FanPost

Hoops Issues: It All Starts with Recruiting...

One of the recurring themes in UCLA basketball is whether or not Howland deserves a longer career here should he land Shabazz Muhammad. I am more curious as to how the rest of the 2012/13 classes play out beside Muhammad. Howland’s career has really been a sum of two recruiting groups-2004/05 and 2008/09. In 2006, 2007, 2010, and 2011, we either did not have as many scholarships available or spent our scholarships trying to make up for transfers. In 2012/2013, we have a significant number of scholarships available and will really build Howland’s third core of players

Howland’s critiques have been brought up multiple times:

1) No true point guard recruits since 2008

2) Mismanagement of personnel with a number of early departures to the NBA, transfers, and “favorites”

3) Defensive issues, whether discussed as an inability to play true Howland defense or an unwillingness to play zone.

Each of these really comes down to recruiting. The recruiting in 2004-5 really set Howland up for success. The recruits from 2008-9 have set up his failure. A closer look at the two groups after the jump.

2004: JF, AA, JS, LM.
2005: DC, LRM, MR, AA2, RW (Ryan Wright for those that don’t remember).

1) Point guards: 2 elite point guards that could put ball pressure on the opposition and bail out Howland late in the shot clock.

2) Personnel: 8/9 players were willing to stick around for a couple of years and buy into Howland’s system. The only true defection was Ryan Wright. Because the others bought in, there was stability and unity amongst the players and between the players and the coaching staff. Look at the length of time the players stayed: 2 years: JF, 3 years: AA, LRM, 4 years: JS, LM, DC, AA2, and 1 premature transfer. I don’t have any problems with the timing of anyone’s departure other than Wright. I do think LRM’s leaving early was the biggest hit to the 2008-09 team.

3) Defense: We had guards that could place ball pressure and deny dribble penetration, wings that rotated, and bigs that would rebound and hedge. We never needed to play zone because the players played true Howland defense.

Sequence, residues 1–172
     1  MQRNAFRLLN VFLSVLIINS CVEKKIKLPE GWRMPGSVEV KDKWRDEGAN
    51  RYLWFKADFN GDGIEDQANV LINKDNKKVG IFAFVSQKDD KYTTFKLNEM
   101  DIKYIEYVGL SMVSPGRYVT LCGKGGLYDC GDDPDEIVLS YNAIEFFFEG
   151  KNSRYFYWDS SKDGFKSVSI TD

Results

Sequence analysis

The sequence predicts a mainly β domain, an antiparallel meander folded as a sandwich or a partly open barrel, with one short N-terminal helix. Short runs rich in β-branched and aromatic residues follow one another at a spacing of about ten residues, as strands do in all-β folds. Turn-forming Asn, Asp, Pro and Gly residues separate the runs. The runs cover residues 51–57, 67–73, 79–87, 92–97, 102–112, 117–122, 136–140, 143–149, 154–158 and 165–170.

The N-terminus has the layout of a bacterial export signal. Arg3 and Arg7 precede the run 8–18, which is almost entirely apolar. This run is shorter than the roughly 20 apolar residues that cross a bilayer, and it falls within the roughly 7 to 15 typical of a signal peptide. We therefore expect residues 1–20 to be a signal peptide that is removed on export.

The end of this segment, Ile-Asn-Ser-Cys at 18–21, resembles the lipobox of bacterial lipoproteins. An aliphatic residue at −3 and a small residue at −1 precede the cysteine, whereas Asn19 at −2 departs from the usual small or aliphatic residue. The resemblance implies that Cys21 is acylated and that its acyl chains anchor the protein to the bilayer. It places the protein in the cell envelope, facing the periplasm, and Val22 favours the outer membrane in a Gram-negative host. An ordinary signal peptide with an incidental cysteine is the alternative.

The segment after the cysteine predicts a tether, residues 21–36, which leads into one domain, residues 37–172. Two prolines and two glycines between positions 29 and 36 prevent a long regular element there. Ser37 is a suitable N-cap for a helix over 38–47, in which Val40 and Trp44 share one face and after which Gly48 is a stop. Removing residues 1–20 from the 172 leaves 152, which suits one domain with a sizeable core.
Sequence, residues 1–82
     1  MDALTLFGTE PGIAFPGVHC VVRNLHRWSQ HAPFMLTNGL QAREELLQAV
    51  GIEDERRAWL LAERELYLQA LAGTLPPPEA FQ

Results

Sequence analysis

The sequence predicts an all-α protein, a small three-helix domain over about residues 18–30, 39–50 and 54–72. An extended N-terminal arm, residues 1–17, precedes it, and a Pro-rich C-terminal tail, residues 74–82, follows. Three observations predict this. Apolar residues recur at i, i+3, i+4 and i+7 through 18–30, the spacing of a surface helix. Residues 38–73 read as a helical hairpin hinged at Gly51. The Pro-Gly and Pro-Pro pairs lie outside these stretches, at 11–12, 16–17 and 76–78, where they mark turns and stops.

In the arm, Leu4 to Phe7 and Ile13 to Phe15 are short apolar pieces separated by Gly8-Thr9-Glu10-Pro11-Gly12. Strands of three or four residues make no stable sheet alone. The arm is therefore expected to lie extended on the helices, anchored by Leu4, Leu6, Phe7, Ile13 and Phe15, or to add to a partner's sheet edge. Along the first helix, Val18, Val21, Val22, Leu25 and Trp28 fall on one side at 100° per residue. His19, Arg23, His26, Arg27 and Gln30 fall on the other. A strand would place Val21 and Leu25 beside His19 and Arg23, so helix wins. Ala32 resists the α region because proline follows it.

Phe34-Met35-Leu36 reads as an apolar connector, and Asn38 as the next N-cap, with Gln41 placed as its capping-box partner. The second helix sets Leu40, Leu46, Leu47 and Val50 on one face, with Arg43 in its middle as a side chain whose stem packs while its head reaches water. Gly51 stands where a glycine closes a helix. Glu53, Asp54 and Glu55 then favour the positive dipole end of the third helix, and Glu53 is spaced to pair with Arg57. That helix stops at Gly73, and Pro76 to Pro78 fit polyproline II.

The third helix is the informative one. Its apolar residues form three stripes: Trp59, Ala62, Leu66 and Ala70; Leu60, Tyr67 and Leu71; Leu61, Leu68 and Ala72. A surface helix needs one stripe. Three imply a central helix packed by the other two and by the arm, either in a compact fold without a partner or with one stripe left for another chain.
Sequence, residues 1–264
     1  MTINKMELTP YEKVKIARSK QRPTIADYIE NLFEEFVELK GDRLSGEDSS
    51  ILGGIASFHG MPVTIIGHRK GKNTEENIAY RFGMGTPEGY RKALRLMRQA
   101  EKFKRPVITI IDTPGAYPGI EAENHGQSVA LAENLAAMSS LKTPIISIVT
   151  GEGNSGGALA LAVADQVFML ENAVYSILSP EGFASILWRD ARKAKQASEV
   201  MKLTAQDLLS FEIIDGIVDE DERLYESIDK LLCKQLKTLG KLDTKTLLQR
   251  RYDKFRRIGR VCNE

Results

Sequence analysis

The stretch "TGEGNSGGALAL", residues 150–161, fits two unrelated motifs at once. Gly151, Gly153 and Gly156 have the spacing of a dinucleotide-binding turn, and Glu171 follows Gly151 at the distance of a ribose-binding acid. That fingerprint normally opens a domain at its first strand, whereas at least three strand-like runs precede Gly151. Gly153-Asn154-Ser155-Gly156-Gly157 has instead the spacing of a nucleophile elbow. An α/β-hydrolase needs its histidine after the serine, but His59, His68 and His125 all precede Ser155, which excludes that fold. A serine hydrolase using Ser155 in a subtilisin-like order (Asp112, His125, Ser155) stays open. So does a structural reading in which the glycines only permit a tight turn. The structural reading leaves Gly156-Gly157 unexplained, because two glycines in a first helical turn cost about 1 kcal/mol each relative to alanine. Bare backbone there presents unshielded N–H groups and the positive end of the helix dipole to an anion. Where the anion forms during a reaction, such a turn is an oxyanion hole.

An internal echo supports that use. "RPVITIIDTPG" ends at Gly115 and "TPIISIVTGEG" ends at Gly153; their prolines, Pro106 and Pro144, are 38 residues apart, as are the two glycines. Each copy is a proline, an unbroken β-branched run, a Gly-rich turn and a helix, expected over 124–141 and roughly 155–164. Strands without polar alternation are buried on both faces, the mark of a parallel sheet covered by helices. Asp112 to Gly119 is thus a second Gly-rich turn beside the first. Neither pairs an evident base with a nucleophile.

This group really allowed Howland to be selective the following two years:

2006: RW,JK, Dragovic
2007: KL, CS

Great in between recruiting classes, who accepted their role as support to the core team from the 2004-05. Even Love accepted limited playing time while he was learning the defense. We all know about RW and KL. JK did great as a backup for four years. I’m not sure the details of Stanback’s departure. I am pretty sure he wanted to play earlier. The irony is that he ended up playing at UNLV about the same time he could have been starting for UCLA: 2009-10. I think he would have started over Dragovic. I wish Howland would have been able to convince him to stay. He would have been great for the 09-10 team and a good bridge into the next group:

2008: Holiday, Lee, Gordon, Morgan, Anderson
2009: Moser, Stover, Honeycutt, Lane, Nelson

Here is Howland’s second core. 3 guards (ML was recruited as a guard), 2 wings, 3 forwards, and 2 centers. We know what happened, but here’s where the 3 issues above arose:

1) Point guards: We didn’t have one. JH never really played and took off. JA/ML didn’t pan out. The ball pressure wasn’t as good and they couldn’t bail Howland out late in the shot clock.

2) Personnel. Expectations weren’t managed very well and players were unhappy. JM, MM, and RN definitely left prematurely. TH and ML also left prematurely. JH was only expected to stay a year. The timing: 1 year: JH, DG, JM, 2 years: MM, TH, RN, 3 years: ML, 4 years: BL (?), AS, JA.

3) Defense: The guards couldn’t stop the ball, the bigs couldn’t hedge, and the wings couldn’t rotate. They never managed to play Ben Ball defense.

This group sent the team into panic mode for what should have just been filler classes. Instead of building classes with high school players with whom we had an early relationship, we were really trying to fill holes (small forward for MM/TH, point guard because ML/JA didn't pan out, and bigs for DG and Nelson). I actually think Ben didn’t do too poorly with these classes, although in hindsight, we probably could have done better, especially with a point guard:

2010: Jones, Smith, Lamb, Carlino.
2011: Parker, Powell (Wear, Wear)

So this sets the stage for the next recruiting classes. In the past, Howland’s success has really come from players who bought in, expected to work regardless of playing time, and focused on defense and rebounding. The 2012/2013 group provides another chance to bring in a core of players that can give success. In 2012, we have 5 scholarships available not including Larry Drew. In 2013, we will likely have 4. I guess I would have to put myself on the Howler side of things because I am willing to see what he does with the “tiebreaker” recruiting group before asking for his resignation. This is definitely an argument with flaws, but I think it is a fairly legitimate way to look at the basketball team under Howland. I am curious to see what everyone thinks. Nestor suggested this as a fanpost, so fire away with your thoughts…

<em>This is a FanPost and does not necessarily reflect the views of BruinsNation's (BN) editors. It does reflect the views of this particular fan though, which is as important as the views of BN's editors.</em>

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